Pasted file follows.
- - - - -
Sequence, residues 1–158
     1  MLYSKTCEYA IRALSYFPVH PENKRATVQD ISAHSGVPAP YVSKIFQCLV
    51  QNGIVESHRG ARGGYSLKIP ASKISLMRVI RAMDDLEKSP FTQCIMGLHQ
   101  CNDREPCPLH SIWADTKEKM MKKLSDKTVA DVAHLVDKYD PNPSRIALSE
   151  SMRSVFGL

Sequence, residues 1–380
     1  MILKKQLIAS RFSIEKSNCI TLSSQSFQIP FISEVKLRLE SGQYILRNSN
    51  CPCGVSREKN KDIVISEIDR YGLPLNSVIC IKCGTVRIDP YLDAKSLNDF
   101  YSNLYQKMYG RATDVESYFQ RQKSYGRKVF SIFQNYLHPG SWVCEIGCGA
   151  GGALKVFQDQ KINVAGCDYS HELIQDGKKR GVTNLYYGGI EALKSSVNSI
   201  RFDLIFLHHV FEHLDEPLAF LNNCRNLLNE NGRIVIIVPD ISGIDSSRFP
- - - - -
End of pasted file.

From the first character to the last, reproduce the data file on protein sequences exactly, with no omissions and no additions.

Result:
Sequence, residues 1–158
     1  MLYSKTCEYA IRALSYFPVH PENKRATVQD ISAHSGVPAP YVSKIFQCLV
    51  QNGIVESHRG ARGGYSLKIP ASKISLMRVI RAMDDLEKSP FTQCIMGLHQ
   101  CNDREPCPLH SIWADTKEKM MKKLSDKTVA DVAHLVDKYD PNPSRIALSE
   151  SMRSVFGL

Sequence, residues 1–380
     1  MILKKQLIAS RFSIEKSNCI TLSSQSFQIP FISEVKLRLE SGQYILRNSN
    51  CPCGVSREKN KDIVISEIDR YGLPLNSVIC IKCGTVRIDP YLDAKSLNDF
   101  YSNLYQKMYG RATDVESYFQ RQKSYGRKVF SIFQNYLHPG SWVCEIGCGA
   151  GGALKVFQDQ KINVAGCDYS HELIQDGKKR GVTNLYYGGI EALKSSVNSI
   201  RFDLIFLHHV FEHLDEPLAF LNNCRNLLNE NGRIVIIVPD ISGIDSSRFP